Japanese references in Star Wars

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It is definitely impossible that anyone has ever seen or heard of Star Wars, because this is one of the biggest (if not the biggest) franchise in the history of cinema, and it was or is still part of the lives of many fans of the saga. But did you know that you can find many references to Japan or Japanese culture in Star Wars?

In fact, Star Wars makes reference to various peoples and cultures around the world, in addition to different times, but the most evident are those that mention Japanese culture. One of the main ones is the characteristic helmet of Darth Vader, created according to the original features of the kabuto, helmet used by the samurai.

This is one of the most notable examples of elements of the saga inspired by Japanese culture. There are still several other characters, names and clothes from the franchise linked to Japan, and in this article we will present you the main references to Japan contained in Star Wars.

We also recommend reading our article on Star Wars phrases in Japanese.

Darth Vader and the samurai

Let's start with the most famous character of the saga, which is full of references to samurai, Darth Vader. When creating the look of the character, director George Lucas and art director Ralph McQuarrie had a conversation about what the villain would look like.

Inspired by Japanese samurai, they decided that in addition to the aforementioned helmet, he would also wear a mask inspired by a kind of metal mask called menpo. These metal masks could only be worn by Japan's most respected warriors, and were shaped in the image of demons, ferocious beasts, and ghosts.

In addition, he also uses a type of cloak, similar to those used by samurai to deceive enemies during combat, making it impossible for the opponent to be able to see the movement of his samurai's legs, making it difficult to predict attacks.

Japanese references in star wars

the martial arts

Now talking about the martial arts used in the film, we again observe the presence of the samurai, even because the jedis are quite similar to the samurai in several aspects, such as, for example, total obedience to their master and the almost religious connection they had with the weapon used in battles. But, in addition, we can note that the martial art used by the jedis is the same as the samurai used.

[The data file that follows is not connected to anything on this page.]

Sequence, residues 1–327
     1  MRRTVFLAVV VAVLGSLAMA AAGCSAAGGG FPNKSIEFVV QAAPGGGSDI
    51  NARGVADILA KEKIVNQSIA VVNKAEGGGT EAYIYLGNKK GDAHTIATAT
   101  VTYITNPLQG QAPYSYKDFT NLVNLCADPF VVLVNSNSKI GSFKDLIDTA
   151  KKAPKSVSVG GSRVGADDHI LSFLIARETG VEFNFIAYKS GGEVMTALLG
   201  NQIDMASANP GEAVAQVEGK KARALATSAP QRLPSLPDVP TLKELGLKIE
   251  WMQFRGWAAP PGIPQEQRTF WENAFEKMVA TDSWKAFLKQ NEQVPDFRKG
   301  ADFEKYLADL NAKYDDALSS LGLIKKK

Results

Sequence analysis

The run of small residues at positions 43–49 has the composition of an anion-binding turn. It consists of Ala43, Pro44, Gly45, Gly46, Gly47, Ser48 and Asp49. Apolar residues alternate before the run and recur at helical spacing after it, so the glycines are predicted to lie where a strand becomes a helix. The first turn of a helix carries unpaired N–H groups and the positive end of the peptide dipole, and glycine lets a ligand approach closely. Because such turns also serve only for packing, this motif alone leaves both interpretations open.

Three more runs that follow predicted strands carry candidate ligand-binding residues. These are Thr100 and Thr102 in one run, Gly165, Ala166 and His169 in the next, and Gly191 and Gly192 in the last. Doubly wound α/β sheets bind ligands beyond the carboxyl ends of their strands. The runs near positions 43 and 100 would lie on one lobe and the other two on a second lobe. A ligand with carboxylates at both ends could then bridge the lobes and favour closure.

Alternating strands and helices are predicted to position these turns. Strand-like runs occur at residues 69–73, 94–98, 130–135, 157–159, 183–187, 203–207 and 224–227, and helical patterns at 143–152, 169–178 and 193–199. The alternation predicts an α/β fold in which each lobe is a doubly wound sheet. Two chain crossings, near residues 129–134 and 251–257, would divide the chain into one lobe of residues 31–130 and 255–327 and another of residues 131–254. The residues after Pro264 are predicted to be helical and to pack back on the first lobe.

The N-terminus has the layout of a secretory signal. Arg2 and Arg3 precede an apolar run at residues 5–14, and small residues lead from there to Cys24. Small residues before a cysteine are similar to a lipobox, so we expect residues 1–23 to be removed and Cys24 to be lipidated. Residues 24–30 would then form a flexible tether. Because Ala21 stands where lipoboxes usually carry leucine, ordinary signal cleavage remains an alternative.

We are talking about the technique of kendo, the martial art used in Star Wars and by the samurai. This martial art reached its zenith in Japan between the Kamakura and Muromachi and was used by samurai for spiritual and mental improvement, which was very important for the formation of the warrior's character. Very important traits for a jedi.

Anyone who practices kendo can reproduce the movements of the characters in the film. One similarity, for example, is the fact that Lord Vader launches many of his blows from a position called hasso (a position where the sword is positioned close to the head). Other moves are also used by Qui-Gon Jinn, Obi-Wan, Luke and Qui-Gon Jinn such as chudan, jodan, gedan and waki. Even the way the saber is held is similar to the description of the Japanese martial art.

Japanese references in star wars
kendo fight

Queen Amidala

Japan's influence on The Phantom Menace greatly affected the look of the characters, especially that of Queen Amidala (played by Natalie Portman) - who would later become Anakin's wife and mother of Princess Leia and Luke Skywalker.

Choosing your attire – a gray kimono – it was no accident, as the costume helps a lot to make the meeting between Queen Amidala and Senator Palpatine (who was played by Ian McDiarmid) a very special ceremony. With the help of this outfit, Queen Amidala gives an image of a sovereign queen.

The head of the makeup team for this film, Paul Engelen, commented on the look of the character: “We combined many influences to compose the look of the queen. The oriental look prevails: the white base, the red mouth, the elaborate hairstyle” reminiscent of a Geisha.

Star Wars - Japanese references in Star Wars
Japanese references in star wars

Darth Maul

The last character on our list promises to leave a legion of fans around the world, of course Darth Maul (Ray Park) could not be missing. This character is already a success, even before the debut in Japan, it was easy to find t-shirts, dolls and various things related to him.

But the secret of all this success is much more in the look than in the villain's attitude. The incredible black and red “tattoo”, along with the various horns that surround his head, help a lot to make Maul look like the devil himself. And in Japan, the devil has the face of oni masks.

Oni masks had their origin in an ancient Japanese legend that said that people who died without proper funeral ritual became a demon.

This word also served to entitle people who were not practitioners of Buddhism or who committed the sin of gluttony. Whoever did this fell immediately into the hell of hunger, and became a gaki, that is, a oni of hunger.

Star Wars - Japanese references in Star Wars

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